"I'm gonna guess the one thing he would ask for is for us not to ramp up the debate right when he's...trying to work through the emotional issues of dozens and dozens...of families," Hickenlooper said.
The governor struggled to articulate how he thinks the school shooting should influence gun control conversations.
"We'll have plenty of time to discuss. I can't, I can't put into words how impossible it seems to me that this could happen again, so suddenly, so rapidly, and it is disconcerting," Hickenlooper continued. "Again, there's enough of a controversy out there and enough information to assimilate that I'm, you know, this is one of those things that I'm still upset enough about it just hearing about Connecticut that I haven't even been able to formulate my words."
One reporter asked, if tragedies keep happening, how can the discussion continually be postponed?
"I think that's a legitimate question. That's a fair point," he said.
Pressed on specifics -- if there are any proposals he will support in the upcoming cycle -- Hickenlooper didn't have anything concrete to say. (We reported last week on one proposal to ban guns from college buildings).
"I haven't seen a specific bill yet, not one," he said. "And I do think that part of the creation of the bill is part of that discussion. As you put ideas out on the table and try to work them into a law, you draw upon a reservoir of facts of information.... When I talked to a number of people on different sides of the issues...not everyone has the same factual basis. And I think that's one of our first steps.... As different laws are put forward, let's make sure everyone is using the same information."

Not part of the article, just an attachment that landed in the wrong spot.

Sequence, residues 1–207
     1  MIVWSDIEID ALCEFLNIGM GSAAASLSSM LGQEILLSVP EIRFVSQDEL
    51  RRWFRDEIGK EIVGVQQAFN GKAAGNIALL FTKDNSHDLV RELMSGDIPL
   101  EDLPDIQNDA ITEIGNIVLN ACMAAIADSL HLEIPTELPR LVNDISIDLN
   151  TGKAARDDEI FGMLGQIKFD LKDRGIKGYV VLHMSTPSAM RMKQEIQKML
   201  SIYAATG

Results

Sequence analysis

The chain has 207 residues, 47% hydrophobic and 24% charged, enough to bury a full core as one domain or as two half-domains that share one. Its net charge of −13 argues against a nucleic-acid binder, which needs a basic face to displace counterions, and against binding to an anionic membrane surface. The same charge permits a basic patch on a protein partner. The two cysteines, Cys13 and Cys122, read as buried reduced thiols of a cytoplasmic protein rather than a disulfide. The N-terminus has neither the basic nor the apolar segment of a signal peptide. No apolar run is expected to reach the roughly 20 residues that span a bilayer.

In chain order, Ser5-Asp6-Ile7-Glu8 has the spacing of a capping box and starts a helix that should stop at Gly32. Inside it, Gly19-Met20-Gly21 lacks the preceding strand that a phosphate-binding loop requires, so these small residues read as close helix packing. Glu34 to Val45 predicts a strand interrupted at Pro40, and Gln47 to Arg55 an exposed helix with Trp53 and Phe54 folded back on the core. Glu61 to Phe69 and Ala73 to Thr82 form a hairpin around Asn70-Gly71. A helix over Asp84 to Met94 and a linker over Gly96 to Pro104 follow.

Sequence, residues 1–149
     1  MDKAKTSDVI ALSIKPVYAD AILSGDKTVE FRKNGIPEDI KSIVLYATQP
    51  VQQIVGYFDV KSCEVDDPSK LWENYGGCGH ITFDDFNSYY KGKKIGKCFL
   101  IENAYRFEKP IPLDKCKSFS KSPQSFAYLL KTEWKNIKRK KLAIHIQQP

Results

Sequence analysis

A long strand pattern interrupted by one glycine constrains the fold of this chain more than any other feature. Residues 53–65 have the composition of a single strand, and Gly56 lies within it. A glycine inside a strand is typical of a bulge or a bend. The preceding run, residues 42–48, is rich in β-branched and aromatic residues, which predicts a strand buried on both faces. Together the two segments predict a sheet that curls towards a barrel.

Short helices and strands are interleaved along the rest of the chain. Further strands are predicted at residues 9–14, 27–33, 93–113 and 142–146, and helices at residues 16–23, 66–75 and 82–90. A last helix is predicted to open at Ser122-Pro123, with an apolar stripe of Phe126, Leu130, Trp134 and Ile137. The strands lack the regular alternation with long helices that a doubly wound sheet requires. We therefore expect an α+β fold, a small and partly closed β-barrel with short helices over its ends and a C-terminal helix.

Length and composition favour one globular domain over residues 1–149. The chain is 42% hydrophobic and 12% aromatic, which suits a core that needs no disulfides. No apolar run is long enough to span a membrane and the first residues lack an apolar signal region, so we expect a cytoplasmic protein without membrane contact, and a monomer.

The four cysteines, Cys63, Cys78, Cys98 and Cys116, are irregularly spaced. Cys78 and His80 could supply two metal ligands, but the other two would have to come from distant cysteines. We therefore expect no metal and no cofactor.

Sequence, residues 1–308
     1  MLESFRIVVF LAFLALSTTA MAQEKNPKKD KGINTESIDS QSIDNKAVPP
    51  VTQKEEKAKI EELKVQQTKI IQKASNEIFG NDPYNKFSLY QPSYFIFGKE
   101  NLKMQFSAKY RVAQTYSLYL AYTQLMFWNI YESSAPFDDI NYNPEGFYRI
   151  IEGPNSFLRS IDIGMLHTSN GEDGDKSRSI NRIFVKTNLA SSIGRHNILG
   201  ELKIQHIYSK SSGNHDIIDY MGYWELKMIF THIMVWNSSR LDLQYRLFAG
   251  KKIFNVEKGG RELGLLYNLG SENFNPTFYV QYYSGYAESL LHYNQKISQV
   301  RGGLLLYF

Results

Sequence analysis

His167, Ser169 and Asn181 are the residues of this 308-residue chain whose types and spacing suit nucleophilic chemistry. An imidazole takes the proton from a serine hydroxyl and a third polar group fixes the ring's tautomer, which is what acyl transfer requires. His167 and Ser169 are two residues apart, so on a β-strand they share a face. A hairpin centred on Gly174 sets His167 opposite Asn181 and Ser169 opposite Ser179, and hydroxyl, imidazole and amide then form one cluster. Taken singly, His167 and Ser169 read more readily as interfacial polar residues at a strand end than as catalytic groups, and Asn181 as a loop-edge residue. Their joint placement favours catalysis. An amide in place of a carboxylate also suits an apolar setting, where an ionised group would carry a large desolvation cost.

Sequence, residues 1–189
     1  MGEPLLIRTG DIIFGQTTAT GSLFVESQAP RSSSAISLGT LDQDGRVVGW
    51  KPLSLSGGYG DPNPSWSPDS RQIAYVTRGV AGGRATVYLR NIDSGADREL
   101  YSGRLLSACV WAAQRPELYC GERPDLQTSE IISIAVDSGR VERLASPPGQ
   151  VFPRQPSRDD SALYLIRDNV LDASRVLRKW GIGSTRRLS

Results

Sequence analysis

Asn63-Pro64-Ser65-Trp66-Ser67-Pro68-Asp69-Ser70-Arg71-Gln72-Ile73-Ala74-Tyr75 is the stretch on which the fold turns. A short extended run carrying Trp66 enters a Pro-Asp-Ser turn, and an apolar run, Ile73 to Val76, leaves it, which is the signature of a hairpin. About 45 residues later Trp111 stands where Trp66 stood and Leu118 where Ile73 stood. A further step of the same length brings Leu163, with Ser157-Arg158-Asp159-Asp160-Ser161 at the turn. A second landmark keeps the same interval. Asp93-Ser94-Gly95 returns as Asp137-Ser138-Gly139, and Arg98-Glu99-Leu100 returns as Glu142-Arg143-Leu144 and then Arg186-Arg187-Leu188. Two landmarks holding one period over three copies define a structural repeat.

Asked again about whether the nation can keep delaying the discussion, the governor interrupted the questioner, saying, "You have a shooting every two weeks, do you just never discuss it? No, I think that's a fair point."
He continued, "I can guarantee you, you're going to see ideas on both sides."
The governor noted that Colorado will likely hear arguments that more guns will reduce this kind of crime, because armed people can defend themselves against mass murderers and limit casualties.
"You're gonna hear every color under the spectrum over the next few months," he said. "And I think you're right, I think we can't postpone the discussion on a national level every time there's a shooting."
When a reporter said he would be asking about a different topic, the governor muttered, "Thank you."
Still, Hickenlooper was bombarded by reporters again on his way out, forcing him to respond to more gun questions and the Connecticut tragedy.
Can new legislation actually help reduce the chances of another Aurora or Newtown?
"If you don't start at some point, will you ever have an effect?" Hickenlooper said. "Now...that's not necessarily talking about gun violence. it might be talking about, how do we address people that have mental illness, making sure they don't have easy access to weapons?"
Before walking out of the lobby with his aides, Hickenlooper added about the Connecticut tragedy, "It's incomprehensible. When it first became clear this was a major event, my eyes just filled up.... And I'm sure that's happening to people all over Colorado. We've been through this."
More from our Politics archive: "Aurora's Steve Hogan: Why didn't he join anti-illegal gun mayors group after theater shooting?"